As the river wasn’t deeper then 150cm’s, I walked against the current, having the whole monkey bunch following me, setting up a monkey drama in motion. It was quite a spectacle to watch. After they followed me a good 50m along, kicking and screaming, I floated back, having them following me again. Ha ha, monkey see, monkey do. No OM-D with me, which would have taken some fun close ups. Baboons have massive canine’s and a vicious temper but they really don’t like water.
I spotted a few colourful kingfisher in the high grass and a pair of bold eagles flying right over me. It seemed that the parent eagle was teaching the offspring a few aerial acrobatics. Wow, what a show. This is the Africa I came to see; untamed and raw, tranquil and free.
Getting back to Zimba, I was wet again, covered in sweat. Not much shade for him, he was glowing. I tried to relax in the little shade given to me but returned later to the river with my OM-D. I was hoping to re-animate the monkey business and capture it on film. Apart from a few alarm posts, the majority had moved on.
I walked through the river, hoping to get a good shot of a kingfisher, but no chance there either. Good to know, no hippos or crocs inhabit this river. I actually don’t know why. Never ending water supply and plenty of goats to chews from. An open fire wasn’t really needed temperature wise, but how can I not in a location like this.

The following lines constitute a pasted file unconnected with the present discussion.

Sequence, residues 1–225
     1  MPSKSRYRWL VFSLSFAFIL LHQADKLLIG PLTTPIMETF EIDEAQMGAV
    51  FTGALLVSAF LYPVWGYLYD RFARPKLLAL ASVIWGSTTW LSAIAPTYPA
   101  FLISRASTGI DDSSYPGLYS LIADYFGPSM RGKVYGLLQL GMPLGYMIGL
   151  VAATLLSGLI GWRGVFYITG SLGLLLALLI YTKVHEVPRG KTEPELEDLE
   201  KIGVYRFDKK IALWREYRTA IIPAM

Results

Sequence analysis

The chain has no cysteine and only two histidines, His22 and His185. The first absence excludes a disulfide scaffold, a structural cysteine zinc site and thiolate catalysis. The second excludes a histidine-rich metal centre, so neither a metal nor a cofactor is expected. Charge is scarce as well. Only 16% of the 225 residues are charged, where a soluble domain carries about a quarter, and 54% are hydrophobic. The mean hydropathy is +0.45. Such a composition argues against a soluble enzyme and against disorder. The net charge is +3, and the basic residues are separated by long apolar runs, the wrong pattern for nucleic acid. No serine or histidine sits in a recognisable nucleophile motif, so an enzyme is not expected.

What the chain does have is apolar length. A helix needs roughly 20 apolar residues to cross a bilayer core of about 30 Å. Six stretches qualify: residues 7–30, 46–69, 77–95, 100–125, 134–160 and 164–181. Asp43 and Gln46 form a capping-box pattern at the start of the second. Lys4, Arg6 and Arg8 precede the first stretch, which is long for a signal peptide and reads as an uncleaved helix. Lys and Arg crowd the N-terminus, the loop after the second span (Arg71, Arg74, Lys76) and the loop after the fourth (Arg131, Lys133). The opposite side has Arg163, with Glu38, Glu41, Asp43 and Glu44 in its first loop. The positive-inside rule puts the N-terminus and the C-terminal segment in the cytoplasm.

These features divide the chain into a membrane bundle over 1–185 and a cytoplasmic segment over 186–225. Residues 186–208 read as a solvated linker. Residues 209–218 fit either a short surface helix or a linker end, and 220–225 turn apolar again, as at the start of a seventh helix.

Early start next morning, the heat will get to you sooner or later……….I preferred later.
The early morning sun gives you a deeper colour on the red sand and blue sky. I spotted a few Quiver trees, an amazing feature in this arid land.
Back on to the main track, sand and more sand. I eventually headed back north, towards the river, following a dried river bed coming from surrounding mountains. Some fun driving in this mix of sand and pebbles. Zimba was moving graciously and I had fun too.
At the dry river mouth stood the ‘Greatmelkboom’, a massive fig tree giving out lots of shade for both of us, a rarity out here. Even though only just half a tree, one side was cracked and burned. My guess is that it was hit by lightning.